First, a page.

Alexei Navalny appeared gaunt and drained after a hunger strike as he appeared for the first time since ending his three-week protest last week.
Mr Navalny appeared defiant on a blurry video link from jail during a legal hearing in a separate case, where he could be seen with his head shaven and having lost weight.
He rejected accusations he had defamed a Second World War veteran, saying: “I demand that people who signed signatures [against him], [and] the prosecutors be brought to criminal justice.”
But after weeks of mounting pressure, his allies announced they were disbanding his network of campaign offices across Russia as a court considers whether to declare them and his Anti-Corruption Foundation (FBK) “extremist”.
If the network is declared extremist, authorities will gain the legal power to hand down jail terms to activists and freeze bank accounts. The court said on Thursday it would hold its next hearing in the case on 17 May.
“Maintaining the work of Navalny's network of headquarters in its current form is impossible: it would immediately... lead to criminal sentences for those who work in the headquarters, who collaborate with them and for those who help them,” Leonid Volkov, one of Navalny's close allies, said in a YouTube video.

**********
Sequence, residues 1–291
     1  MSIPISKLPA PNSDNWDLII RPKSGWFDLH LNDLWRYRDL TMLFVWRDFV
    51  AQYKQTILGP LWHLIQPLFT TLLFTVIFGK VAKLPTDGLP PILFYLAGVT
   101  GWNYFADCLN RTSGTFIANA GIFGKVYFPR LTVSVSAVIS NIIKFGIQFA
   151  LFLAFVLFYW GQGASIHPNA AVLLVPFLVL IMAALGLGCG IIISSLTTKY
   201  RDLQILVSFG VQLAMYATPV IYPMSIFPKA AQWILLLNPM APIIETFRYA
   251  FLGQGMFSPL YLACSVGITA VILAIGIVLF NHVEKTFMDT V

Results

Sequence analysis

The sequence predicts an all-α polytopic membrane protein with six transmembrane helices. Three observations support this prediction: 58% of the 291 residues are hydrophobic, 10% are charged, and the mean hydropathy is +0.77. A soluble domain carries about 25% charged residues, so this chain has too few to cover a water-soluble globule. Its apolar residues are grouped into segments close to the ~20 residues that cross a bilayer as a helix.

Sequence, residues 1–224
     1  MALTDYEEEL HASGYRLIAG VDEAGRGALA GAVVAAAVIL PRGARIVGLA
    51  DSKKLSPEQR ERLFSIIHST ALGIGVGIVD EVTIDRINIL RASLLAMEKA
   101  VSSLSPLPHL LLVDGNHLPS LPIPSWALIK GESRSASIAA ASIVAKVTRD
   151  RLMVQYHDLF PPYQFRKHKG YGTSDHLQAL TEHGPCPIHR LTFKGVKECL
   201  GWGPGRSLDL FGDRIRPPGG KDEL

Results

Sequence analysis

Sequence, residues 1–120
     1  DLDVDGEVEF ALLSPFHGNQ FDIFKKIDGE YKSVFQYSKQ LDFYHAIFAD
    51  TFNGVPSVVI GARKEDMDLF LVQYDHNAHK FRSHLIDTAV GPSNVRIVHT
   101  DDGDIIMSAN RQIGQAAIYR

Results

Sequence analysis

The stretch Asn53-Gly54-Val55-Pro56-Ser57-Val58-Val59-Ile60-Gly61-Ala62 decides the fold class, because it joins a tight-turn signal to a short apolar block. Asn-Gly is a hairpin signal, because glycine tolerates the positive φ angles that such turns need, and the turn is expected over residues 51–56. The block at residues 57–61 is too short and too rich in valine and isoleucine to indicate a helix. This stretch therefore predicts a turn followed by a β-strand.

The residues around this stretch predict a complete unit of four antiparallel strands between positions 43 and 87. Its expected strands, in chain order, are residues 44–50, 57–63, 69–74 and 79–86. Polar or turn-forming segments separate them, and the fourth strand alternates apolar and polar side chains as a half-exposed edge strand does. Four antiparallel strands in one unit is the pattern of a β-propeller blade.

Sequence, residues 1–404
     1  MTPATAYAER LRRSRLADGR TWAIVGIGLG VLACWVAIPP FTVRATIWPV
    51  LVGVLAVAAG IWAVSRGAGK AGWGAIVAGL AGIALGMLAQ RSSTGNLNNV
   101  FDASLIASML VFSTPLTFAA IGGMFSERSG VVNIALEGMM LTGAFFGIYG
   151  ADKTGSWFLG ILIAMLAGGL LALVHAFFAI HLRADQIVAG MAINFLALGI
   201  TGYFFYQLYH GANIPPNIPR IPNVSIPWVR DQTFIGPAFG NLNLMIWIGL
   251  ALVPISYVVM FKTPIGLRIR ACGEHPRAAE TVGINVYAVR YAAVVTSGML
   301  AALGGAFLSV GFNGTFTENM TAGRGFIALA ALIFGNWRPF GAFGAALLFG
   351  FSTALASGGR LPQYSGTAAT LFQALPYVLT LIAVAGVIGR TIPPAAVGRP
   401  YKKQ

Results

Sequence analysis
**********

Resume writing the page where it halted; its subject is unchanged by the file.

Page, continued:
He said many of the offices would try to function as entirely independent regional structures led by their own leaders.
The FBK has already been partially barred from accessing its bank accounts and from organising protests and publishing media articles.
Mr Navalny's allies also said a new criminal case had been opened against him for allegedly setting up a non-profit organisation that infringed on the rights of citizens.
The 44-year-old is serving a two-and-a-half year jail sentence for parole violations on an earlier conviction that he says was politically motivated.
He declared his hunger strike in prison on 31 March to demand proper medical care for leg and back pain, but said on 23 April that he would start gradually ending it after getting medical care.
Pressure has been mounting on him and his campaigning against political and business corruption for months. Last year, Mr Navalny accused Russia’s president, Vladimir Putin, of being behind an attack on him with a nerve agent that he survived.
Russian authorities denied any involvement and questioned whether he was even poisoned but western countries have imposed sanctions on Moscow over its treatment of Mr Navalny.
He recovered from the nerve agent attack in Germany, but was arrested on his return to Russia in January and sentenced the following month. He has also been convicted of defamation in the separate case against him, which he denies.
Additional reporting by agencies
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